The side effects are not so great. As well as most of the listed side effects, I think I now realize what it's like to have attention deficit disorder or something. I have such a problem focusing, remembering, learning for that matter. Even when I focus on staying focused, I somehow can't keep it up for long. It's so weird. I really try hard to focus, but I can't. It's like my eyes start wandering without my brain noticing. I am still working, but I really have to concentrate, and double check my work meticulously. So far so good on that front too, though. I can usually pull it all together, and at least I know what I am doing. I think if I had to retrain for a job, it might be another story.

Now, a good 14 hours on from the nerve block, I can feel some pain, but it's not too bad. More of a burning, and a rippling feeling. My toenail is getting better too, since the first nerve block. That seems to confirm that the nerve damage, or the original injury, has changed the physiology in my foot. I'm not entirely sure I understand how that can happen, but I'll have a look online. That's what the Dr's say. I'm still having trouble wearing shoes because of it, but at the same time the Dr. said I need to be especially careful since my nerves have been dulled, and I could easily do more damage because I don't feel the pain immediately.

And I have noticed that. I've been walking around, and suddenly realize I'm standing on some random item that fell on the floor, or like a pebble or something, and all of the sudden the pain hits, but by then it's too late, so it sticks around for a while. I'm so protective of my foot too. You should see me dance around when there are people who need to get by me, or when someone steps over you to say get to their seat in a movie theatre. I have a fear of a stranger accidentally causing me immense pain, and I won't be able to hide that fact. It would make them feel far worse than they need to, and I would feel like I am some sort of drama queen!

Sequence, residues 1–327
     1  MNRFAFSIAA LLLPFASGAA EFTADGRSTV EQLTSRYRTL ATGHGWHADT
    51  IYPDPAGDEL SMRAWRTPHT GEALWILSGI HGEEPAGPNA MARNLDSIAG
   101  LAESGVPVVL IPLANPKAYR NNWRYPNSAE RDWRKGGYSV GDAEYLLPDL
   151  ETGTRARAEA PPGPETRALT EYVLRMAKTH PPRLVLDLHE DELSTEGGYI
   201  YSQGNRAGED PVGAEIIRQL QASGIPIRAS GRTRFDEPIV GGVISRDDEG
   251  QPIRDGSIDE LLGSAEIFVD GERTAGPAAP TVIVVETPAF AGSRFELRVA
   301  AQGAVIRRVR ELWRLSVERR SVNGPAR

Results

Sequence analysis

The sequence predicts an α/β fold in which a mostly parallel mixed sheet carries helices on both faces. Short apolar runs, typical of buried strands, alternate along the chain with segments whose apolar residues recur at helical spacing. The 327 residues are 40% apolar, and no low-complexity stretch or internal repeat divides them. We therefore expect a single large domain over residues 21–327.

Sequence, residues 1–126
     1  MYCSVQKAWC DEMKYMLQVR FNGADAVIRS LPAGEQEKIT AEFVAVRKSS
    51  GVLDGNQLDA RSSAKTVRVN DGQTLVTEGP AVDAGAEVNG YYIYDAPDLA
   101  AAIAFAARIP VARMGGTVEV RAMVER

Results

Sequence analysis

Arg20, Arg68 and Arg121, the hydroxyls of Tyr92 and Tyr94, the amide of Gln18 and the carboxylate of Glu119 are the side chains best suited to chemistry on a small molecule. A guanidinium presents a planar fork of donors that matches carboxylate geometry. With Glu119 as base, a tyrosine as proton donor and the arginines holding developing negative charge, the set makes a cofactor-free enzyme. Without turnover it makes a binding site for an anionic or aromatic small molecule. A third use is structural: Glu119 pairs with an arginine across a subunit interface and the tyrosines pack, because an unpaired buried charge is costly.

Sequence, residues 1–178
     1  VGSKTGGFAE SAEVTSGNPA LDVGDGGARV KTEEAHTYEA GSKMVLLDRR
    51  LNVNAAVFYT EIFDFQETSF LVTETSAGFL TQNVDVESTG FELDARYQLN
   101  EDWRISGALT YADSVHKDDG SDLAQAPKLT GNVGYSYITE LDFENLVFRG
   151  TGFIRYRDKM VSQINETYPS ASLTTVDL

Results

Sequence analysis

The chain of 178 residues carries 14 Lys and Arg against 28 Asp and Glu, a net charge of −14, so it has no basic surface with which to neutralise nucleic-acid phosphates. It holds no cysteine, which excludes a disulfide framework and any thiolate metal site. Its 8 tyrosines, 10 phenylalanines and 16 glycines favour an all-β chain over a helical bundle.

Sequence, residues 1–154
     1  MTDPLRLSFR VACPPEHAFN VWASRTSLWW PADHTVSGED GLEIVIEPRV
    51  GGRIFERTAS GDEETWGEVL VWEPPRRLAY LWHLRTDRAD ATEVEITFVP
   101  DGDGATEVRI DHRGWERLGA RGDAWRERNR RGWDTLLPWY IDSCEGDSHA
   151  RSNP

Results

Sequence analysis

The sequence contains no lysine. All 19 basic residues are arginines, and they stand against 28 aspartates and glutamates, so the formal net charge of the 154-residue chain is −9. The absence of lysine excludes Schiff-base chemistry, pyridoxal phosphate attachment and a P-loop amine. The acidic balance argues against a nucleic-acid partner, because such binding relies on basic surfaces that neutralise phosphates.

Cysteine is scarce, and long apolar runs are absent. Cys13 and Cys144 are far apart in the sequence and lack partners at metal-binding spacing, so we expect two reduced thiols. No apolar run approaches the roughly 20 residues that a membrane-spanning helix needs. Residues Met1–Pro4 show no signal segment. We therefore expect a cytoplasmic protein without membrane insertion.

Phew, enough foot talk....Back to the ankle (heehee). I'll be quick. Still on a no-exercise regime because of the tissue in my heel/ankle. I talked to my physio last time, and she better explained what is happening, but I'm still not fully clear. But basically, since I haven't had complete range of motion in my foot since Jan 15, the tissue behind the tendon at the back of my ankle, above my heel is pinching, and therefore very inflamed. Supposedly this gets worse the longer you ignore it, and hence the no exercise regime. This needs to clear up before I can get back to jumping rope. It's actually quite painful too; sometimes I wake up at night from it. But it's nothing in comparison to nerve damage.

It's just so frustrating to hit so many road blocks. Everyone I talk to is amazed I am still having this much trouble. I am too. But, on the bright side, I am still allowed to stretch and do my knee-to-wall exercises. And I am getting a fairly consistent 7-9 cms, which is so good! I have about 8 cm to go, to be the same as my good leg. But even where things are now I am able to walk pretty normally down stairs, and down hills now. I have no limp most of the time too.

I'm in a relatively good place... it could be better (the drugs, the no exercise thing), but at least I am functioning.

1 comments: